But is it still a dream for the younger generation? Last year – 2019 – was the last for millennial graduates. We are now in the Gen Z world. Gen Z refers those born after 1996, so they’re now 23 and younger. Millennials were born between 1981 and 1996, so they’re now between 23 and 38.
This group grew up with an iPhone in their hand and an iPad on their laps, and clearly have learned to process information differently than generations before them. But what hasn’t changed is their desire for home ownership.
In fact, Gen Z is poised to overtake millennials in their desire for homeownership. A survey conducted by real-estate company Zillow found that in 15 years Gen-Z homeownership will be bigger than the share of millennials who currently own their homes.
Another survey from Finder.com shows that 81% of the Canada’s Gen Z’ers think they’ll purchase a home in the next 20 years. Ten percent of the 18-24 age group say they already own their own home, while 35% (one in three) believe they’ll purchase a home within the next five years.
Interestingly, millennials are more likely to believe that homeownership is NOT in their future. The difference? It hasn’t been quantified yet, but anecdotally, Gen Z ‘ers don’t like the high cost of renting, and would rather make personal financial sacrifices to save for the large down payment needed.
For these future homeowners, education and information is key. And the best person to help guide the process is a mortgage broker. The following information is not only for Gen Z, but for everyone looking for their first home.
There are six steps to the mortgage application process.
Step 1 – The Application/Pre-Approval
- It’s important to get all the following information. This allows your mortgage agent to determine the amount you qualify for and the best mortgage strategy/product for you. Current address. If you are less than three years at your current residence, you must provide your previous address as well. In addition, you will need to provide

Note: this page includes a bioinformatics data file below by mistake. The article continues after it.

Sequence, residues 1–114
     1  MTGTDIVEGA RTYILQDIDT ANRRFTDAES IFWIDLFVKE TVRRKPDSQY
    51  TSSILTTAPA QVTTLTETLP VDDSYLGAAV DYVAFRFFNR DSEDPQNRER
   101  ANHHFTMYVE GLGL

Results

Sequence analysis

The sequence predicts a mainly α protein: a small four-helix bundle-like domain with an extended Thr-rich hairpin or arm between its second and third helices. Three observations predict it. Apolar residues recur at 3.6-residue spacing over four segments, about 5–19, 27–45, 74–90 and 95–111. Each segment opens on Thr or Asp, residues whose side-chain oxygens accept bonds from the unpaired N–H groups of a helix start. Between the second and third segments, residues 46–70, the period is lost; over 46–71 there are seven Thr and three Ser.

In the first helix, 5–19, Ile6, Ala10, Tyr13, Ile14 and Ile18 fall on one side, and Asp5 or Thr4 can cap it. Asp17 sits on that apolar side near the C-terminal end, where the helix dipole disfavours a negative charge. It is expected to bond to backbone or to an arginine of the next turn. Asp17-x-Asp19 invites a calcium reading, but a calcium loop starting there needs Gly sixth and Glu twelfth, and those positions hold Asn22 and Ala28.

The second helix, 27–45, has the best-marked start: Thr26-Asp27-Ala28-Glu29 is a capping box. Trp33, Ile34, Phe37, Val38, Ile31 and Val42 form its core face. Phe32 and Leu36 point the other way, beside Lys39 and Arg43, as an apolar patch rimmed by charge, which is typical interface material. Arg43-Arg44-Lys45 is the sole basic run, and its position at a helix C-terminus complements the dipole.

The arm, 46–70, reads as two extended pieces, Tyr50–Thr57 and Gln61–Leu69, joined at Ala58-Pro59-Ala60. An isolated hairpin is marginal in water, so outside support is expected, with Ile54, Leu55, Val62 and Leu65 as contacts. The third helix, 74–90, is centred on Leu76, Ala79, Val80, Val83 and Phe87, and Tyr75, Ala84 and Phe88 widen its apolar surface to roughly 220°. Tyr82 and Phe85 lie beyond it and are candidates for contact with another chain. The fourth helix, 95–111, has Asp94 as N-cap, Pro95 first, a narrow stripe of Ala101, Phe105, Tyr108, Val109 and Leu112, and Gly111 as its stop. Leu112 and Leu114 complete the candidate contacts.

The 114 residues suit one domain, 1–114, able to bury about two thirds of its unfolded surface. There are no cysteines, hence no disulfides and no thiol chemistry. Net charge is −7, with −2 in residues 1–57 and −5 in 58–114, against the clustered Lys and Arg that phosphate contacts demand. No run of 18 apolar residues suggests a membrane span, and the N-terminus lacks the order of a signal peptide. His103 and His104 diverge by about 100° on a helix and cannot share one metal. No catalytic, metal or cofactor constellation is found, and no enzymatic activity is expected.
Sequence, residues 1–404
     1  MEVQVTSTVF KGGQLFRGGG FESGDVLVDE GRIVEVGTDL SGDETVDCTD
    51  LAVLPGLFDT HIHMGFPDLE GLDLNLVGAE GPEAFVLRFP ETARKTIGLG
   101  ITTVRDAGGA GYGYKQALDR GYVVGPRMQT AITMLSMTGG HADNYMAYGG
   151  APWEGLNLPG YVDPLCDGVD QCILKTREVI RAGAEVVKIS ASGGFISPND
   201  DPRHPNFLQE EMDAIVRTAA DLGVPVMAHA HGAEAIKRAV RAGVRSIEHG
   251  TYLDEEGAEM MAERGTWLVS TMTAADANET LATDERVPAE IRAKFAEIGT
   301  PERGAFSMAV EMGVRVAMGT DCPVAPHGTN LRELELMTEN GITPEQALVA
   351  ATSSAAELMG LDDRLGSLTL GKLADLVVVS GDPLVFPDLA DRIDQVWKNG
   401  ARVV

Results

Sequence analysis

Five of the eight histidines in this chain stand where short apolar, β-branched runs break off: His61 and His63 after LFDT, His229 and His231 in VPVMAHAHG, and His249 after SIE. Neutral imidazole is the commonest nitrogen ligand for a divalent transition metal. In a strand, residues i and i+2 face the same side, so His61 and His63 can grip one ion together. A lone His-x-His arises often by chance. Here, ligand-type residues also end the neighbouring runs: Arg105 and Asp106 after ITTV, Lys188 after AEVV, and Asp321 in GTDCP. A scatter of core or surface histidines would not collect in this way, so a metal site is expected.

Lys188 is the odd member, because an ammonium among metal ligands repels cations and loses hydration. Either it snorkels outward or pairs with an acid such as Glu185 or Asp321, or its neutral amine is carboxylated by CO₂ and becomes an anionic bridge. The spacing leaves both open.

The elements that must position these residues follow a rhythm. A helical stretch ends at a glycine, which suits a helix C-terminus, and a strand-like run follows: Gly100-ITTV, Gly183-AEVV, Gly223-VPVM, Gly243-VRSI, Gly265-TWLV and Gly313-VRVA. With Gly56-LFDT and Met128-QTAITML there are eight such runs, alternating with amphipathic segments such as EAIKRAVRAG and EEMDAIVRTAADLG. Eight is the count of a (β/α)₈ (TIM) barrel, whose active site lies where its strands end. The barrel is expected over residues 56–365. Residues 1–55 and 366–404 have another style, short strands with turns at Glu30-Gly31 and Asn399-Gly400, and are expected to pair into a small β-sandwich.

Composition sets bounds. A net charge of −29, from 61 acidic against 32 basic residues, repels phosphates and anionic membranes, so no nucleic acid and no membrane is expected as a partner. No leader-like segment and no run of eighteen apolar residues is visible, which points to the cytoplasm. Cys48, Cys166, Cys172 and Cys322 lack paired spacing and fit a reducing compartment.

- Contact number
- Do you own or rent your current home?
- If rented, is the rent paid monthly? If not, specify term of rent
- If owned, is there a mortgage? If so, with whom, the value of your home, and mortgage payments
- Approximate value of assets -- identifiable assets like RRSPs, savings, investments, vehicles, other properties, etc.
- Approximate value of liabilities -- identifiable liabilities like car payments, line of credit, student loans, credit cards, etc.
- Any alimony or support payments
- Employer (if less than three years, previous employer as well)
- Salary and other compensation
- Self- Employment information that includes historical taxable income, historical gross business income
Step 2 – Qualifying
Your information is sent to a lender for a rate hold, pre-approval or approval. All info is sent electronically and directly to a lender. A response can come within 24-72 hours.
Step 3 – Verification
Verification will be done on items such as your income, with a job letter and recent pay slip, and proof of down payment. Some lenders require tax returns and Notice of Assessments. Your mortgage agent will list out all the information needed and lead you through a straightforward verification process.
Step 4 – Purchase
Once you’ve found your new home, your Realtor will draw up a Purchase and Sale Agreement, which he or she will also send to your mortgage agent on your behalf. When writing your offer, it’s strongly recommended that a “subject to financing” clause be written in, even if you have a pre-approval.
Step 5 – Approval
During this stage the lender will review all documents and will call your employer to verify employment. You will also receive a Letter of Commitment with the rate, term, payment amount or frequency, amortization, and more. Your mortgage agent will review the commitment letter in detail with you before you sign.
Step 6 – Funding/Closing
The only thing left to do is to register the transaction legally. This will require a lawyer or a notary, depending on where you live. The lender will forward all the documentation directly to your lawyer, and the lawyer will contact you to arrange a meeting.
During this meeting your lawyer will confirm the details of your transaction and will request a bank draft or certified cheque to cover the amounts outstanding before the closing date, which includes the down payment, the lawyers fee, property transfer tax and any other disbursements not yet paid for, less any deposits already paid.
The lawyer then receives the funds from your lender, disburses them and registers the title in your name – then you get the keys.
Gen Z’ers were born to process a massive amount of information 24/7, but info overload can negatively affect anyone. There’s a lot of mixed messages, and sometimes outright misinformation on the ‘Net. Despite the I-Generation “always on” environment, the human touch is still welcome.
Buying your first house is a journey, but don’t take it alone. Contact a mortgage professional to combine your digital experience with the human touch.